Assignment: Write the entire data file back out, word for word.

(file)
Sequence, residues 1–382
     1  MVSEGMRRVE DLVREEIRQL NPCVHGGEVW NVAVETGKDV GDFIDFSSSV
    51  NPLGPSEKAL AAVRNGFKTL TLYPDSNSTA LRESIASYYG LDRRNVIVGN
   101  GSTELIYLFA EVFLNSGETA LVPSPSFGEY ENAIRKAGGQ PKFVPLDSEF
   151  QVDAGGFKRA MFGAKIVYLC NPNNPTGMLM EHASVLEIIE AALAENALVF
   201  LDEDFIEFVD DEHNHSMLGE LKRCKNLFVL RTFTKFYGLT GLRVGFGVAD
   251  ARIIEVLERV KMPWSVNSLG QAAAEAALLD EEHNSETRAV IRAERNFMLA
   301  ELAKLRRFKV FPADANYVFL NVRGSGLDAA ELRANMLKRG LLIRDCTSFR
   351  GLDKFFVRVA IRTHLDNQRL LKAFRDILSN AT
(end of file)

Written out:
Sequence, residues 1–382
     1  MVSEGMRRVE DLVREEIRQL NPCVHGGEVW NVAVETGKDV GDFIDFSSSV
    51  NPLGPSEKAL AAVRNGFKTL TLYPDSNSTA LRESIASYYG LDRRNVIVGN
   101  GSTELIYLFA EVFLNSGETA LVPSPSFGEY ENAIRKAGGQ PKFVPLDSEF
   151  QVDAGGFKRA MFGAKIVYLC NPNNPTGMLM EHASVLEIIE AALAENALVF
   201  LDEDFIEFVD DEHNHSMLGE LKRCKNLFVL RTFTKFYGLT GLRVGFGVAD
   251  ARIIEVLERV KMPWSVNSLG QAAAEAALLD EEHNSETRAV IRAERNFMLA
   301  ELAKLRRFKV FPADANYVFL NVRGSGLDAA ELRANMLKRG LLIRDCTSFR
   351  GLDKFFVRVA IRTHLDNQRL LKAFRDILSN AT